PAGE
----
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November 2019
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Half at the Hamptons 2011

This year’s event was intentionally different than last year. First off, I ran half as many miles in the two months leading up to the event, in large part due to snow that encouraged snowshoeing and prevented safe running, as well as work demands on my schedule; I was definitely not out for a PR this time. Second, I convinced a friend (co-worker who is also from Indiana) to sign up with me, and then realized this would be his first half marathon! So I had a vested interest in ensuring he had a successful race. Third, I wanted to try another event that was focused on having fun and enjoying the experience, and in this case it meant being an encouragement to other runners and running with someone else at their pace.

I had high hopes for the weather, since we had 46 degree sunny days earlier in the week. Instead, the howling wind did not subside overnight, so I awoke to 17 degrees with 35mph wind gusts. I was awake before my alarm, re-calculating how long packing and transit might take, to determine when I absolutely needed to get up. I assembled my gear and puttered around the house, admittedly uncomfortable with preparing by myself (being Coach Su instead of relying on Coach Beej) and having butterflies for no logical reason (I increased the number of bathroom stops compared to last year). Of course I made it to the registration early, met up with my friend and his support crew, and was able to discuss what to wear and make a fueling plan. I even made a trip back to my car for a final chap prevention and shedding of extra clothes with plenty of time to spare.

And then, it was time to go! My friend had run 13 miles the previous week at a 10 min per mile pace, so we started out conservatively behind the 9:30 pace group. I always miss the mile 1 split, but we came through mile 2 at around 20 mins, so considering we started about 45 seconds back from the start, was a good warmup. I encouraged him to eat a Clif shot at mile 4, but he decided that mile 5 would be better, and it did work out well; I ate a bit of Clif bar since I was feeling hungry by then. We stuck to our 9:30 to 9:45 pace until mile 7, when I learned that he likes to run hard up the hills – as I do! After that spunky sub-9 minute mile, we caught up with the 9:30 pacer and decided to hang with that group until mile 10. We walked every water stop and picked up gel again at the 8.5 mile point, which made a big difference over his training run last week in keeping up his energy level. And, the wind wasn’t too bad, so we were comfortably warm.

It was a great feeling to turn onto Rte 1A at mile 9 and know we were on the home stretch. My friend was tired but running strong, so I was happy to chatter about the beautiful mansions, the blue ocean, and the way the finish line was pulling us in as we cruised downhill with the wind at our backs. It was fun to be the coach at this point and feel like I had a good reserve. We took it easy for mile 12 but pushed a bit for mile 13, coming in at our fastest mile, an 8:12 into the finish at 2:05:06, a 9:33 mile pace.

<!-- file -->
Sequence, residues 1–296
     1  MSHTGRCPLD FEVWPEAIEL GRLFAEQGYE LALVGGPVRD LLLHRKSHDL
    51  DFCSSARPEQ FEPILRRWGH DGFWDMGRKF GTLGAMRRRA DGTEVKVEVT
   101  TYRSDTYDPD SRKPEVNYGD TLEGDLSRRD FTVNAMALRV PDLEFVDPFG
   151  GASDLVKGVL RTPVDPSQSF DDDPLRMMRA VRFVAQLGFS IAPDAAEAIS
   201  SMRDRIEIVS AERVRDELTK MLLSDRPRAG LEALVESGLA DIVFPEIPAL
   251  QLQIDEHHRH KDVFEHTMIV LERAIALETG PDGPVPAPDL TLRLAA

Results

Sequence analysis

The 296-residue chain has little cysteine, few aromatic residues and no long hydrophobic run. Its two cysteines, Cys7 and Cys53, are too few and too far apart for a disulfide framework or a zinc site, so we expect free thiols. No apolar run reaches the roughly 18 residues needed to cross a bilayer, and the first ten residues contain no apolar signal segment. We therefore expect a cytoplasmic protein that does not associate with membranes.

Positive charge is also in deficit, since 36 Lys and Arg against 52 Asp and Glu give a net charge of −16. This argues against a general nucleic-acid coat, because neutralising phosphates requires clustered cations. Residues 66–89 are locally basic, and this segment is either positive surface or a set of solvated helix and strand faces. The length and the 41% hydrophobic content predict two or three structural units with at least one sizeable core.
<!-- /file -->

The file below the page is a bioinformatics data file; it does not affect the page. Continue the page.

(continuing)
Success! And a high five for my friend managing a 2:05 for his first half marathon. His wife and her friend were there to meet us at the finish, where we replayed the race highlights and did a little eating and stretching.

So what did I learn? First, that it really is great to share the joy of running with someone else. I’ve had so many friends do training runs with me, so many races where Beej paced me, many times when I felt like skipping a workout but having someone else to run with made it not only a priority but the highlight of my day. If I could give that to someone else, wow, totally worth it. Second, it doesn’t matter whether I am “racing” or “pacing” – my digestive system tells me I am nervous and excited just the same. Third: I can actually rise to the occasion and hold a pace. I know a couple of you will be shocked, and others will wonder why that’s even an issue. (You know who you are!) I now feel comfortable and would really enjoy pacing someone again in a long race. Lastly, walking those water stops was probably worth it in the end.

So what’s next? I am really itching to get back to speed work. Can I go out and do a speed workout by myself? That would be unprecedented! But all signs point to it being a necessity if I am going to do that structured training plan I talked about in January. I definitely am physically ready to get back to training if I can motivate myself to make the time. I am also thinking a lot about the McNaughton Ultra in May, another race where I could keep a steady pace but still push myself, and this time treat it more competitively.

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